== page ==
Cons: See ‘white sugar.’ Since brown sugar is nearly identical to white sugar, it’s got all the negatives of sucrose, except that the extra moisture in brown sugar requires air tight containers to keep the sugar from binding together and/or drying out.
Stevia is the only natural sweetener approved by the FDA, and it’s taking over the sweetener market. It’s extracted from the stevia plant, although many brands of stevia add ingredients like dextrose or erythritol, the latter of which could even be used as a pesticide. If you’re shopping for stevia, look for 100% stevia without any additives.
Pros: Stevia is a lot sweeter than sugar – somewhere between 100 and 200 times sweeter! A little bit of stevia goes a long way. Stevia doesn’t raise blood sugar levels as it breaks down into steviol glucuronide rather than fructose or glucose. It has no calories..
Cons: The type of stevia approved by the FDA is highly refined, so some argue that it’s not exactly natural. Its’ very sweet flavor makes it difficult to substitute in recipes requiring sugar, and some find that stevia has a bitter, anise aftertaste.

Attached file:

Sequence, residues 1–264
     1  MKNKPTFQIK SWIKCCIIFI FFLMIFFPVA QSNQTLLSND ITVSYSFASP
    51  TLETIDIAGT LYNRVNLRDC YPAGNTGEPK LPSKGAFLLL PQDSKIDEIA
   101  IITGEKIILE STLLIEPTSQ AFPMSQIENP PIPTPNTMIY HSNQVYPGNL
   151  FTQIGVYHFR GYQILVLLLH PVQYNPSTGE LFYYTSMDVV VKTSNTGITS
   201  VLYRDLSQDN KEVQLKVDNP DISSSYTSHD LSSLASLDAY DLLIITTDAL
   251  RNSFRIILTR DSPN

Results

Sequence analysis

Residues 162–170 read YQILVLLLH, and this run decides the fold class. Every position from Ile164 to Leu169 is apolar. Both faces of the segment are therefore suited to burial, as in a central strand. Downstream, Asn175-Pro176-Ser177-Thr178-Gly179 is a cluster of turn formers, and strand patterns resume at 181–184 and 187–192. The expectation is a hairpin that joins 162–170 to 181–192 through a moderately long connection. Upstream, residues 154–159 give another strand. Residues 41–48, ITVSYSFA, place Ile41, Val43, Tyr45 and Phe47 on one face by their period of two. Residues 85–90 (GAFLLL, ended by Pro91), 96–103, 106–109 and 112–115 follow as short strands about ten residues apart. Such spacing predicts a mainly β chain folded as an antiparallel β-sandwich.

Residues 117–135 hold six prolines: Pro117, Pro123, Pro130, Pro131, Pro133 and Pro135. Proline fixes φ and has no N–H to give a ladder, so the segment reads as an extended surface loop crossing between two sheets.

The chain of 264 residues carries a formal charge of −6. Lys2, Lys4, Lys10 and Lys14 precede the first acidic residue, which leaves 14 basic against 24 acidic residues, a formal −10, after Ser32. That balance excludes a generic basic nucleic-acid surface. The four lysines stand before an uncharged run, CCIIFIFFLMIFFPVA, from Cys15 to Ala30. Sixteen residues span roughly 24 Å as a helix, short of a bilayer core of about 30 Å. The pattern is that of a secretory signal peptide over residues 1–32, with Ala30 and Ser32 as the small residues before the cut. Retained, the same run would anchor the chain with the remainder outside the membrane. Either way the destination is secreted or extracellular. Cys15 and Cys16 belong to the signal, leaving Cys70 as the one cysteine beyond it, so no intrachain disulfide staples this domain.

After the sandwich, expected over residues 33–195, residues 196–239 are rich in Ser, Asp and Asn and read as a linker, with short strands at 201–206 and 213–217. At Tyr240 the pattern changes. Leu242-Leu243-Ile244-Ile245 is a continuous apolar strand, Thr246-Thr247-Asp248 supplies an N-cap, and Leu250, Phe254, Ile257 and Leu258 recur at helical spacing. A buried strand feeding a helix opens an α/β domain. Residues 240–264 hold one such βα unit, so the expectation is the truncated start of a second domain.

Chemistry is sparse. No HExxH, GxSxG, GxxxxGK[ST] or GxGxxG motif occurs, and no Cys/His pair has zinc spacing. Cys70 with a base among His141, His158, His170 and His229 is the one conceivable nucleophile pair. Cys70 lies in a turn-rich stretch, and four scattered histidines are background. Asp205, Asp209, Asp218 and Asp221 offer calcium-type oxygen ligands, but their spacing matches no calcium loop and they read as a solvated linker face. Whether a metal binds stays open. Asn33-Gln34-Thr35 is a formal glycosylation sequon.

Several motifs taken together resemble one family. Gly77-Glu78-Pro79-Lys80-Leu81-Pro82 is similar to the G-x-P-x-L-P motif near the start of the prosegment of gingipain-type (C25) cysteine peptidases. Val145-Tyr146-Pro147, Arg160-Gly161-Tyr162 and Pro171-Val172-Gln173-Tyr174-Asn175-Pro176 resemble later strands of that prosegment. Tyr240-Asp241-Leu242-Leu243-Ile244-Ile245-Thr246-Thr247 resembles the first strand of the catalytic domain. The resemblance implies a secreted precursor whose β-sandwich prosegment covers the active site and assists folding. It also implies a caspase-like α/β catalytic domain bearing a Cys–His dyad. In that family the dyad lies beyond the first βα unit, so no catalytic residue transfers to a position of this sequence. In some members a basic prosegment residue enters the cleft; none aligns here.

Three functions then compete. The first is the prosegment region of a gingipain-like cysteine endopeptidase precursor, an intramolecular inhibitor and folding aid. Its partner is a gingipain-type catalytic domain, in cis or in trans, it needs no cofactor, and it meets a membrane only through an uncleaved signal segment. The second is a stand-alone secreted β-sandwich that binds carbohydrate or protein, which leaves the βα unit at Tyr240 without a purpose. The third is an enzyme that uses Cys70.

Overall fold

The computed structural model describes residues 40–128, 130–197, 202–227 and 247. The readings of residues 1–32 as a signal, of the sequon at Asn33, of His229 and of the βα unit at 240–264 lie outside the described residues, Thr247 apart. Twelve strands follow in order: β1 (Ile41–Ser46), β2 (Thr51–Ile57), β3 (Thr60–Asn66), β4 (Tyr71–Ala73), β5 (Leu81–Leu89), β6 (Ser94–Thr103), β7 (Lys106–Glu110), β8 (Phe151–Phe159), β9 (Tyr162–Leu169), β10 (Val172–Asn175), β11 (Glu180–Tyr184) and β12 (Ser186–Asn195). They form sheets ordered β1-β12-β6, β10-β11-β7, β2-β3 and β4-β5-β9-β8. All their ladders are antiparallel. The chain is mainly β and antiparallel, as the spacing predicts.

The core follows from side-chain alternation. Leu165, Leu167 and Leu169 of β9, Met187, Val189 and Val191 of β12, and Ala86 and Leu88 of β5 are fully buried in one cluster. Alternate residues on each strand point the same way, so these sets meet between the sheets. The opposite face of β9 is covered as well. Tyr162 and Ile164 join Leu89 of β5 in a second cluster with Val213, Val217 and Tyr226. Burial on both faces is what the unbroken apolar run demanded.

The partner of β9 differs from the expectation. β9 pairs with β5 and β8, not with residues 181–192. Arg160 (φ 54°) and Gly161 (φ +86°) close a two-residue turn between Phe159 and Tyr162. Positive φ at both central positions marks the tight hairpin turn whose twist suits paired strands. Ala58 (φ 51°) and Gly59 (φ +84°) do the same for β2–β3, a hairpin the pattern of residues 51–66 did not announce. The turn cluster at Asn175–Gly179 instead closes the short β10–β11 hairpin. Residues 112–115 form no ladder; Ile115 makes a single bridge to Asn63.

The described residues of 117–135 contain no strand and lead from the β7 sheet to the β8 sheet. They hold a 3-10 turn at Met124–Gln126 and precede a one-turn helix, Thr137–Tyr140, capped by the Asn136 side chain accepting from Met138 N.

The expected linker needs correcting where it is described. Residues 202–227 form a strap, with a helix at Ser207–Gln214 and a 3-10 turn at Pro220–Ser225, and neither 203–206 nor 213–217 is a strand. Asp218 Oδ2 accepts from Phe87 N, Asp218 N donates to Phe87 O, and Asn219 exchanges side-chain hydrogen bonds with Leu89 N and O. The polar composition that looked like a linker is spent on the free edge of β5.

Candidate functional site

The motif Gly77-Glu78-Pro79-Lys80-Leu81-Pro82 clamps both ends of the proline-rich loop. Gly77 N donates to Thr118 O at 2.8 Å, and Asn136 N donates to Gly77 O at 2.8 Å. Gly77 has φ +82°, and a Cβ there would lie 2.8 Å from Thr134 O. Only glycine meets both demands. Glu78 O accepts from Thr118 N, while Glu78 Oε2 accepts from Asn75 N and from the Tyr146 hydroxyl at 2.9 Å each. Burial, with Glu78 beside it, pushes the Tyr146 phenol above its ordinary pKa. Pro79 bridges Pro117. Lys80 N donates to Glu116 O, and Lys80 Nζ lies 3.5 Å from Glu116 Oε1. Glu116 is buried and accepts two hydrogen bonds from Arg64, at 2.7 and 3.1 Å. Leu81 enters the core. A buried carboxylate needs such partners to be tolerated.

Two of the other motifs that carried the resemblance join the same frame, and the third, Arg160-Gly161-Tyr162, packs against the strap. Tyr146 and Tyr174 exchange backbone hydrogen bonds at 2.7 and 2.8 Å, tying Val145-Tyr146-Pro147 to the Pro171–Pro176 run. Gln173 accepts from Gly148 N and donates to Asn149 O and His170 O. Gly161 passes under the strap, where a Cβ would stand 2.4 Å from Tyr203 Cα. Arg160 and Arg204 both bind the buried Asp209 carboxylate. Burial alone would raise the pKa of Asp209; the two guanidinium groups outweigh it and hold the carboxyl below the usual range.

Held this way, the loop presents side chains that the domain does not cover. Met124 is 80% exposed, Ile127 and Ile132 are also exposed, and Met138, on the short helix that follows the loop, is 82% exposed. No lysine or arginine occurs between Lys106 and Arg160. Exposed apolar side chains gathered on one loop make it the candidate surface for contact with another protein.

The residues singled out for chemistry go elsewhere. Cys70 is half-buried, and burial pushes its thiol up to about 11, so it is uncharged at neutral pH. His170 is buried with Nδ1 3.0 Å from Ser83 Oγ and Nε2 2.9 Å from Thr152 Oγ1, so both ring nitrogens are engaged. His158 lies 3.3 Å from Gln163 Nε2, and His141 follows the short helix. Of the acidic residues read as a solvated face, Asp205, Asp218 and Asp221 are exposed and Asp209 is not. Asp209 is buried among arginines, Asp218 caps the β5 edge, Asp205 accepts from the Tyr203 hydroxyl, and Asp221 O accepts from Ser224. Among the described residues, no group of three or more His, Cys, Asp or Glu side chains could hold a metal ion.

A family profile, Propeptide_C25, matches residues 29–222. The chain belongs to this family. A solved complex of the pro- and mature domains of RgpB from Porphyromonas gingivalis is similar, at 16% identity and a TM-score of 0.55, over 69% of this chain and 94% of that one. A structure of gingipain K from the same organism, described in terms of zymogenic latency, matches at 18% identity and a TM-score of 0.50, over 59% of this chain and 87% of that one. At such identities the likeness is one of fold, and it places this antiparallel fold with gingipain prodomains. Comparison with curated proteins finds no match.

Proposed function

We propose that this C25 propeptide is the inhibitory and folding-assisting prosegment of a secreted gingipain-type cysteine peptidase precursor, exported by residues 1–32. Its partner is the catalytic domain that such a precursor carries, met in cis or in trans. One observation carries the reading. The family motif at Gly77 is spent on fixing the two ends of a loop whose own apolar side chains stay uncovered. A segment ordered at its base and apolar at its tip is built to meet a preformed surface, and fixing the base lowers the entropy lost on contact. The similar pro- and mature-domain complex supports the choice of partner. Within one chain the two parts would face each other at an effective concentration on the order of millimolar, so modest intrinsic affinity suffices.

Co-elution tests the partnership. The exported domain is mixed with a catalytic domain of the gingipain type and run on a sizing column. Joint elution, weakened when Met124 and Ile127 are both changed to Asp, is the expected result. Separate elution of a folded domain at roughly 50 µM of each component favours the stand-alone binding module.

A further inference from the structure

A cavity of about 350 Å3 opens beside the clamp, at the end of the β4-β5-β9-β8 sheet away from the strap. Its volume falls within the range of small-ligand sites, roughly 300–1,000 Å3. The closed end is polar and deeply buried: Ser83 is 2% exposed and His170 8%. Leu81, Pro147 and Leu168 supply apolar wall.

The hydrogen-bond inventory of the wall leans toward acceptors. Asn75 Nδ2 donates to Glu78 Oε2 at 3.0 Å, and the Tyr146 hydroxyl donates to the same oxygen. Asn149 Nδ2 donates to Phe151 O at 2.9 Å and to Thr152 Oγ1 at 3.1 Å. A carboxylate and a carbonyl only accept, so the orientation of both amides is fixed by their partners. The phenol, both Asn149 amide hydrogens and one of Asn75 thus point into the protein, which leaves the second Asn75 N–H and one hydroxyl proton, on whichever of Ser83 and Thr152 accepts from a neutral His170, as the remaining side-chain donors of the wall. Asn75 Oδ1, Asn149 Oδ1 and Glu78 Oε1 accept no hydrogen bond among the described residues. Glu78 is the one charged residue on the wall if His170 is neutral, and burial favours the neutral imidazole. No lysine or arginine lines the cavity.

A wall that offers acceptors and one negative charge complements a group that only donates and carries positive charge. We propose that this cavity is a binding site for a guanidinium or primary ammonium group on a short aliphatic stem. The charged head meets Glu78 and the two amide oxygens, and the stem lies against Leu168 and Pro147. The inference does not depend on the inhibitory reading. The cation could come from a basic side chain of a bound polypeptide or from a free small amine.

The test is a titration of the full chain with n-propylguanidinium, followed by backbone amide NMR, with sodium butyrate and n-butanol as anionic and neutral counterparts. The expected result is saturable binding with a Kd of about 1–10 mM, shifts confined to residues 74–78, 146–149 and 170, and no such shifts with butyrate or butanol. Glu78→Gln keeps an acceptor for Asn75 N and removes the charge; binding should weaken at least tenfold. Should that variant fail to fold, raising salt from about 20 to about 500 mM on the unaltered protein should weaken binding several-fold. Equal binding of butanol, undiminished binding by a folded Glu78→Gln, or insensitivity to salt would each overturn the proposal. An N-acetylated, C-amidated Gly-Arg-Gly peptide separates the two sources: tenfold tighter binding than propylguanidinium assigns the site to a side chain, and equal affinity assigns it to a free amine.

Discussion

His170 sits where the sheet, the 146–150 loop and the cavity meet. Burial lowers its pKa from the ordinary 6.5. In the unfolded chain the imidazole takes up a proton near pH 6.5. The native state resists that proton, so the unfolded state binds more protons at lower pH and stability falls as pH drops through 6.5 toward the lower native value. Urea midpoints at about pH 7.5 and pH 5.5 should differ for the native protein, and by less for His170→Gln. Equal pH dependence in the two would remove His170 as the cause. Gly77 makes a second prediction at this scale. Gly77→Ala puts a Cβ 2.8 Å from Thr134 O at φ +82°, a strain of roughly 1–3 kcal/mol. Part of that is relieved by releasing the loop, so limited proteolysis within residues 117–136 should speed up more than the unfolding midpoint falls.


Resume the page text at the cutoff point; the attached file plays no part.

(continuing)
Coconut sugar is made from the sap of the coconut tree. It is similar to sucrose (table sugar) and brown sugar in terms of nutrition, flavor, and sweetness. In fact, coconut sugar is about 70-79% sucrose; the rest is split between fructose and glucose (the two individual components that make up sucrose).
Pros: Coconut sugar does retain some of the minerals from the sap of the coconut tree, particularly potassium. It’s said to have a lower glycemic index than table sugar, so it is absorbed more slowly and makes you feel more satiated. (The Philippine Department of Agriculture claims that the glycemic index of coconut sugar is 35, much lower than table sugar’s 60. However, the University of Sydney puts the glycemic index of coconut sugar at 54.)